North African and Middle Eastern nations have an 80-year history with social work, based on colonial, imported models of practice. There is some success in localizing social work to immediate communities. Social welfare tends to be instrumental, selective, and not comprehensive. Colonialism has hurt political institutions; and geopolitical conflicts, socioeconomic inequality, poverty, and political repression also influence parameters of social work and social change.

Article

North America is one of the world's richest regions, and both the United States and Canada are ranked in the top 10 of the United Nations Human Development Index. However, poverty and inequality, and in particular, child poverty continues to be a significant problem. Social workers in both countries provide a wide array of human services to a range of populations. Social work has developed into a mature profession but is currently struggling to meet the increasing demand for its services.

Article

South America, a land of beauty, diversity, and socioeconomic disparity, is going through a profound identity search, redefining the government's role concerning the welfare of its people, and most important, reevaluating its relationship with the Global North. Within this context, social work has a strong commitment to work with the most vulnerable sectors of the population affected by structural adjustment programs.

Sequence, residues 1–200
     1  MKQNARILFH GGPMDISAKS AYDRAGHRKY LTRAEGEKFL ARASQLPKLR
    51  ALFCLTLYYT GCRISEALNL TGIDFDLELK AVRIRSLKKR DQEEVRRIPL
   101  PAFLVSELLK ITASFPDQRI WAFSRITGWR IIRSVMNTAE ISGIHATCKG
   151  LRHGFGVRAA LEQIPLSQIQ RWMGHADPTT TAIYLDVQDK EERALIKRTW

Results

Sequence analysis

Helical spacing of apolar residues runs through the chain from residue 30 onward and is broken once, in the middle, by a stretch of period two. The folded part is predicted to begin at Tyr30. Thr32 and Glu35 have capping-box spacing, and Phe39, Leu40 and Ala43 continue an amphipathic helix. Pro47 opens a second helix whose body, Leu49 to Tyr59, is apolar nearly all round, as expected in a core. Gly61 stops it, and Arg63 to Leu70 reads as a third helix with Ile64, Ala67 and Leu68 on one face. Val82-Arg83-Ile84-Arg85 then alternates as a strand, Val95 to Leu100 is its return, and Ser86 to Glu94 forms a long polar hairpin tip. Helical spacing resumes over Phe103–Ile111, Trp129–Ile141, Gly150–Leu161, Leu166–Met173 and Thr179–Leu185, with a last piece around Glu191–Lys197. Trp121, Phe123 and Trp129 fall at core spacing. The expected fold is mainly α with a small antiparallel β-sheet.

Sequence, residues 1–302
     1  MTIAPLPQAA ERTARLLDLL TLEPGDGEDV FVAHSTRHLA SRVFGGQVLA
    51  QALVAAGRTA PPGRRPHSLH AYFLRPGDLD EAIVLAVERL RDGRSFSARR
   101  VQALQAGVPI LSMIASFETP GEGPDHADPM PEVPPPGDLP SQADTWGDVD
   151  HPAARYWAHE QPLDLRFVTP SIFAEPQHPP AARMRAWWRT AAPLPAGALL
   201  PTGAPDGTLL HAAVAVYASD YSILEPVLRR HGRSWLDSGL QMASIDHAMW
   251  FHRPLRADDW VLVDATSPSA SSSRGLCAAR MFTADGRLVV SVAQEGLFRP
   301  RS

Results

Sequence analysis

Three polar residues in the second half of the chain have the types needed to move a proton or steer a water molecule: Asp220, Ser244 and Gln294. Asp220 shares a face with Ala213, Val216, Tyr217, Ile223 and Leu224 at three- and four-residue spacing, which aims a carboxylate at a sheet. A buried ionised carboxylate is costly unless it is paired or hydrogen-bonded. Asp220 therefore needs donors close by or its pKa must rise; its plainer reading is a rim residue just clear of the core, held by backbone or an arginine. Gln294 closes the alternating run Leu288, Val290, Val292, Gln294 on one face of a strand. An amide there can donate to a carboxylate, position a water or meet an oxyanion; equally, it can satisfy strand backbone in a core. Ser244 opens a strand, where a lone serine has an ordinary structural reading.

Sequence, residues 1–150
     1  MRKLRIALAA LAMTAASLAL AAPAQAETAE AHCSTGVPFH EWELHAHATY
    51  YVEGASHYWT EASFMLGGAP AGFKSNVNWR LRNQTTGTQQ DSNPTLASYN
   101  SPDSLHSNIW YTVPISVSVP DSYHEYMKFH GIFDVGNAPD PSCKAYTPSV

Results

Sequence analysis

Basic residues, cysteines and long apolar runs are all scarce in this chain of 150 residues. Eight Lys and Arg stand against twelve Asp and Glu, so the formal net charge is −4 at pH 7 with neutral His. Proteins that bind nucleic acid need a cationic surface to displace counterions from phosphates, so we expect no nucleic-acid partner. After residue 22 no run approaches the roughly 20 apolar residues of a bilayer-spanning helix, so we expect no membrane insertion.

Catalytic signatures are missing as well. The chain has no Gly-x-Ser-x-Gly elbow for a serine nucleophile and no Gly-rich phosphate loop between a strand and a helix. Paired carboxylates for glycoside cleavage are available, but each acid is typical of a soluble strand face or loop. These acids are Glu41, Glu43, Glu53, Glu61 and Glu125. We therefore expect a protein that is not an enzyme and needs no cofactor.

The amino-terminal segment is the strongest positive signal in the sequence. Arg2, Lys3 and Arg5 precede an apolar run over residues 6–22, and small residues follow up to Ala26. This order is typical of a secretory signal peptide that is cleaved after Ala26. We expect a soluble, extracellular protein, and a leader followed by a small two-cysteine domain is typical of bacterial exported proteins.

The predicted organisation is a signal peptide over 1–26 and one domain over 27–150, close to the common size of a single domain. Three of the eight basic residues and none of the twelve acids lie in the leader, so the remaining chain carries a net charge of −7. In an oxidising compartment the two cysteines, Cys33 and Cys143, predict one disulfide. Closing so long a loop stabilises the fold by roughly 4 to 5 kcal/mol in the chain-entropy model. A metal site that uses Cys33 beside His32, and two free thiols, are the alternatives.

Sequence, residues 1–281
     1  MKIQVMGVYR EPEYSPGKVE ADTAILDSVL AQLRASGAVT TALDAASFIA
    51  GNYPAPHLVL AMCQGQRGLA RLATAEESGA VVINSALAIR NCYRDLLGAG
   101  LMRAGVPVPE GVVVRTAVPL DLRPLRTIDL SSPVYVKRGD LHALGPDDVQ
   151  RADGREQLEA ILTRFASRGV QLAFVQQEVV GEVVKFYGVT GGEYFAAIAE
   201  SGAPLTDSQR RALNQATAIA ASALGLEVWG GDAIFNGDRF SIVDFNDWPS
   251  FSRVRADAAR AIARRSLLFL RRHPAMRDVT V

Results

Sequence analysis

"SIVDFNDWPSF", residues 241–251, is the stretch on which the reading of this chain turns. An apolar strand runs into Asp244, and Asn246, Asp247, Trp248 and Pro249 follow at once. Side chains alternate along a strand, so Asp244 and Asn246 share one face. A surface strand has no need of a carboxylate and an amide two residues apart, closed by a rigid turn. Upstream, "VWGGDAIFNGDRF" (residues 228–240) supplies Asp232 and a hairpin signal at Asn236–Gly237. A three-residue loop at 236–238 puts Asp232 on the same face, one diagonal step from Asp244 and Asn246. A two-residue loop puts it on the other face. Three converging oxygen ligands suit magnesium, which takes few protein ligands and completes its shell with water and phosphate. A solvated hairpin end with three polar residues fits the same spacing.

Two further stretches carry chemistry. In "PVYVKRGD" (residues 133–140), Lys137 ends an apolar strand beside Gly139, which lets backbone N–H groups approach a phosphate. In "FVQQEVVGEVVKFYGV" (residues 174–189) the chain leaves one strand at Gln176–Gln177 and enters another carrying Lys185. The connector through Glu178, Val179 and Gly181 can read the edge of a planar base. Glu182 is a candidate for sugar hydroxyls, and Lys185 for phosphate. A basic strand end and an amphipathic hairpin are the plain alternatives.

Article

The Caribbean is a multiethnic, multilingual archipelago of islands and mainland territories, with similar experiences of European colonialism and modern-day globalization. The countries generally enjoy stable political systems but grapple with many of the problems experienced by countries elsewhere. These include vulnerability to natural disasters, migration, violence, and drug abuse. Lifestyle diseases such as cancer, hypertension, diabetes, and heart disease are on the increase, and the region is second only to sub-Saharan Africa in the prevalence of HIV and AIDS. In the English-speaking Caribbean, social work is well established, and social service provisioning is modeled on the traditional welfare state approach. A few countries have achieved universal levels of social service delivery.

Article

David L. Strug

This entry discusses the development of social work in Cuba since the revolution of 1959. It describes a community-oriented social work initiative created by the government in 2000 to identify vulnerable populations and to address their needs for support services. It also discusses a social work educational initiative begun at the University Havana in 1997. Together these two initiatives transformed social work in Cuba. This entry also notes that Cuba implemented major economic reforms in 2008 and it discusses the relationship of these reforms to the closure in 2011 of the two social work initiatives noted above. How social work will develop in Cuba in the future is unclear. Information for this entry comes from research the writer has conducted on the development of social work in Cuba over the past decade and from a review of the relevant literature.